I was sent a press release about an event you might be interested in if you live in the Black Country.
• British folk art captures boating life
• Course teaches age-old canal art tradition
Black Country Living Museum’s Canal Art for Beginners Course looks set to add colour on Saturday 16 November, 2013. The culture and traditions of the boatman will be making waves as the history of canal art is explored and the traditional style of art and the artist’s technique is emulated.
Canal Art, the traditional means of decorating a canal boat, is the popular name for the traditional paintwork of the narrow boats. Designs include bunches of roses and medieval castles and would have brightened up everything from a water can, to the washbasin and even the horse’s feed tin.
Julie Tonkin, a professional narrow boat decorator, canal boat owner and one of the UK’s leading canal artists has been teaching roses and castles painting for many years and has a keen interest in canal culture and customs. She believes that passing the craft on to the next generation is the only way to ensure the tradition survives.
Julie Tonkin pictured with some canal art ‘she prepared earlier’.
Julie Tonkin says: “I took up canal art 40 years ago as a hobby, painting narrow boats and traditional items of canal ware. The boatmen wanted their boats to look as nice as their cottages so they painted pictures to depict ‘the boatman’s paradise’. Castle pictures always include a castle, mountains, trees, land, a bridge and a yacht. The roses we paint are only red, white and yellow because the people in the boat yards weren’t accomplished artists. Canal art is very naïve and easy to do for that reason.”
Mel Weatherley, Head of Learning said “Life was very cramped inside the tiny canal boat cabins and the boatmen cheered up the interiors for their wives, making them as homely as possible, without taking up extra precious space, with displays of canal art or lace trim along shelves.”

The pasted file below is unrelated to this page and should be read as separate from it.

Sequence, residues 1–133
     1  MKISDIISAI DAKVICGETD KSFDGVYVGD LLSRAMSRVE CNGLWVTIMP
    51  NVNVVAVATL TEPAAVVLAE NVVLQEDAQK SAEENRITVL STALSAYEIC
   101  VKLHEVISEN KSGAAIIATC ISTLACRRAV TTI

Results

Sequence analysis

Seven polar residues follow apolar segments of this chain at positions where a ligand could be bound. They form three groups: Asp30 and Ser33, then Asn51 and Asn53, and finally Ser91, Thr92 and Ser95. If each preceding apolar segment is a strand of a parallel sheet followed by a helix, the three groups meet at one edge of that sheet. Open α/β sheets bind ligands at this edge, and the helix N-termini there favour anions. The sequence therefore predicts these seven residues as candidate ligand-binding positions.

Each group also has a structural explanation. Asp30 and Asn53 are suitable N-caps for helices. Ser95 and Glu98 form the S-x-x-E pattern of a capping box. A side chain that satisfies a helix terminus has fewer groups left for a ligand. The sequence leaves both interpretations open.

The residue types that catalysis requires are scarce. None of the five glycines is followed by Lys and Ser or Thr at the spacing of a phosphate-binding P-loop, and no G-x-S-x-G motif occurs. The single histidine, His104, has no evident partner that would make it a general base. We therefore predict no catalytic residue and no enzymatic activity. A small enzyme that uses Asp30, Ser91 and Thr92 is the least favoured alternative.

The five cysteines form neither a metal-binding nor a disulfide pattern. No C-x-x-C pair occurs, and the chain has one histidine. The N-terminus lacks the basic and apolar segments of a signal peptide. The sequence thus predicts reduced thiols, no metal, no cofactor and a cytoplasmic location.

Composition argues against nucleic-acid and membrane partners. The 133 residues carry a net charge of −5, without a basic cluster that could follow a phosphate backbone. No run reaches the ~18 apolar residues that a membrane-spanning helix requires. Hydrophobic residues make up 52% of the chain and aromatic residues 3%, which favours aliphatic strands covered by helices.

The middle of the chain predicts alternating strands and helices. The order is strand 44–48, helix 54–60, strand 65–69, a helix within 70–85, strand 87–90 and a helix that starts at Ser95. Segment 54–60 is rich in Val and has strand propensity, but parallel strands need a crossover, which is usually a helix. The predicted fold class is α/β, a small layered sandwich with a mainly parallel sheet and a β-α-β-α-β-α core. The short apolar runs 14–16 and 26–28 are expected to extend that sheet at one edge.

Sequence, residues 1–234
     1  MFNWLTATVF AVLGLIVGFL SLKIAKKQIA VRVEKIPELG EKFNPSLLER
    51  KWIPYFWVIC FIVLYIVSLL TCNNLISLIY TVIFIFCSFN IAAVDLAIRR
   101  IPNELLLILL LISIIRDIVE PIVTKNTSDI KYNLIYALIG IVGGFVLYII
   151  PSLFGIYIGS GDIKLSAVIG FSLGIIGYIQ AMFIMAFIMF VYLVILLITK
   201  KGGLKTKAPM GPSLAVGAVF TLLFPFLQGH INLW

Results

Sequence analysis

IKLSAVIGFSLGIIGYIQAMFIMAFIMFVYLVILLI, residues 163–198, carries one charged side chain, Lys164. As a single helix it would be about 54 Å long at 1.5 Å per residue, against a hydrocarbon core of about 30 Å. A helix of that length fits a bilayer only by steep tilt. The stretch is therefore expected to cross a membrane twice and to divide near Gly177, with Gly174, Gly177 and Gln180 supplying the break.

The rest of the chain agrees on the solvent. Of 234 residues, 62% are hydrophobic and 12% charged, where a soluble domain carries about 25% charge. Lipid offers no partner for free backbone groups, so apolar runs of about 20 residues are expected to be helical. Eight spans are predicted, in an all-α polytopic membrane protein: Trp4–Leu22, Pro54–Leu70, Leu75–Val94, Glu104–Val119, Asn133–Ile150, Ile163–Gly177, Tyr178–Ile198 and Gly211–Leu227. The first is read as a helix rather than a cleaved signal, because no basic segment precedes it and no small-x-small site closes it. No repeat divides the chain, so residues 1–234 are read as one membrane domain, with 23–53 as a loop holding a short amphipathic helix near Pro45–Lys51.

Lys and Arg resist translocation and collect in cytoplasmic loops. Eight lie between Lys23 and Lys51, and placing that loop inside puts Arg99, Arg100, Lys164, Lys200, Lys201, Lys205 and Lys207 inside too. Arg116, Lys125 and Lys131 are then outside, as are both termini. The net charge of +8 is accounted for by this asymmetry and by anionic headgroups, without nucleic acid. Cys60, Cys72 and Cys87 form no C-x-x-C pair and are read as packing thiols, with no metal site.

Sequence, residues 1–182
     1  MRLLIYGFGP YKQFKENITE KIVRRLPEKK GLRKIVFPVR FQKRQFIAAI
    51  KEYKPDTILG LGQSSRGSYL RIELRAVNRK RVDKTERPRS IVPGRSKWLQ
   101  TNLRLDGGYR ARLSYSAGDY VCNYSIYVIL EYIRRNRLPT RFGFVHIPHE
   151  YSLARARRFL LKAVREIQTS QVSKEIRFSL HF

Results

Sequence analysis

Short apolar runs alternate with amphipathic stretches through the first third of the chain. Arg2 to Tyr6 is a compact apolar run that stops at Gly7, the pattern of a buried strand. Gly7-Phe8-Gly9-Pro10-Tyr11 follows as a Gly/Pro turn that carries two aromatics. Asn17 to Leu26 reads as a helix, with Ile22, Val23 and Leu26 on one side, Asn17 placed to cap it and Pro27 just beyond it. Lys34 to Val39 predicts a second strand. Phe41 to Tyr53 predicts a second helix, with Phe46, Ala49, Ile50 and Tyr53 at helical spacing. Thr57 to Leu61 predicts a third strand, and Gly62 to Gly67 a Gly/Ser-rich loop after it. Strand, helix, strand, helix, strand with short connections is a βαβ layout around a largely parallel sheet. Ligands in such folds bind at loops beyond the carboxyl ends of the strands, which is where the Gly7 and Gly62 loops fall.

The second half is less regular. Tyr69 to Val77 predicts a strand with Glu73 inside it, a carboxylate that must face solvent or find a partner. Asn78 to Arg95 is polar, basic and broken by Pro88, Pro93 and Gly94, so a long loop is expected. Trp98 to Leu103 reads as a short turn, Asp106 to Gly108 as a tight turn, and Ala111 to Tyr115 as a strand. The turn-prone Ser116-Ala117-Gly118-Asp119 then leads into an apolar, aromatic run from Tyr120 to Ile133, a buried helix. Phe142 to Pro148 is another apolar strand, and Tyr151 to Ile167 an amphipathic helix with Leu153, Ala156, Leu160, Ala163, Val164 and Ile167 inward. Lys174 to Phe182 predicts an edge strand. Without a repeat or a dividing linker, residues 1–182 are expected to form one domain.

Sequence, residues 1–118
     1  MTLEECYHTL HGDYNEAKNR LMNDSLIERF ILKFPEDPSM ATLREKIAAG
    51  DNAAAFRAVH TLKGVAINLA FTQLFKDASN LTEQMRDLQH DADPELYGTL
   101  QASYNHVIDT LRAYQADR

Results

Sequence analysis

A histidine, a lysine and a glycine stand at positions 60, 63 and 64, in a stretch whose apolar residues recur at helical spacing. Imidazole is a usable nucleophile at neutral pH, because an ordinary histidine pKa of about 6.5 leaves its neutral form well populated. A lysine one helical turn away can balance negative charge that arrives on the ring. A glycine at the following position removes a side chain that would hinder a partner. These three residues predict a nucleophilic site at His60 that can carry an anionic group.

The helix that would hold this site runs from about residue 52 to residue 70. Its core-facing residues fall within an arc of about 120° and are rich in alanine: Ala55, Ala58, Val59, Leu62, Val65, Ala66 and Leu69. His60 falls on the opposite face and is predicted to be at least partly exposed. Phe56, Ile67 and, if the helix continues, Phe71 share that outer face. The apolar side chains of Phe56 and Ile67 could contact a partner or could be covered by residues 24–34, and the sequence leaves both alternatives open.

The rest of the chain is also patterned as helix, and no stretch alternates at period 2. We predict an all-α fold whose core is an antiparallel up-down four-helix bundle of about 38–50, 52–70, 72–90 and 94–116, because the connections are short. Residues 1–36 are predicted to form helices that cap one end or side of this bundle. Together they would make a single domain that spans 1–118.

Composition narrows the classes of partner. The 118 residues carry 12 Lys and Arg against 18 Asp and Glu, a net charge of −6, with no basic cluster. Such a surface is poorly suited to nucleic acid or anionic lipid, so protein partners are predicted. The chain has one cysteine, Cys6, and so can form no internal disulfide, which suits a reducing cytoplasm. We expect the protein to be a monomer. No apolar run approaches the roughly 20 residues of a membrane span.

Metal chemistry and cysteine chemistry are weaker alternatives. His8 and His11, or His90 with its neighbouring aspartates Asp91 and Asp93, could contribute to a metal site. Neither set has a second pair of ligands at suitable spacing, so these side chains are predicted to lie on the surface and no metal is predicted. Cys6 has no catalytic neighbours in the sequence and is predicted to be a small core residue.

There is no reason why canal art cannot also brighten up the modern home today – albeit on dry land.
Courses cost £45 per person and are pre-book only. Please contact the Museum’s Booking Office on 0121 520 8054 or book online.
This is how the Museum describes itself:
Established in 1978, Black Country Living Museum is one of the UK’s leading open-air museums. Designated by Arts Council England for the quality and national significance of its collections, it is a remarkable place to explore, enjoy and spend time. Set in 26 acres with over 150 historic buildings and features, and attracting c250,000 visitors each year and almost 8m people since it first opened, it offers a glimpse into 200 years of history like no other. The Museum (a registered educational charity) records and exemplifies the contribution and impact of the Black Country region since the 18th century to the development of the modern industrialized world. Black Country folk changed the world, and the Museum tells the story of a very special time and place in history and some of the most hard-working, ingenious and influential people you could imagine. It offers a visitor experience that few others can match. For more details go to their website.
I have a personal interest in the Museum because one of the cottages there, known as The Tilted Cottage, used to be inhabited by my 3x great grandparents, Benjamin (b.1805) and Mary (nee Timmins, also b. 1805) MEREDITH. They lived there before the 1871 census until their deaths in 1884 and 1895 respectively and at the 1901 census their daughter Elizabeth lived there with her husband Joseph BRADLEY. Benjamin was a bricklayer so he may even have built it!
James Tanner of Familysearch has written a very informative and interesting article on fully utilizing your smartphone to do genealogy research. For a bit of effort to get to know how the various functions on your phone work, you don’t need to carry piles of paper around if you have a smartphone. I have the Ancestry app on my ipod touch and my tablet and have found it very useful.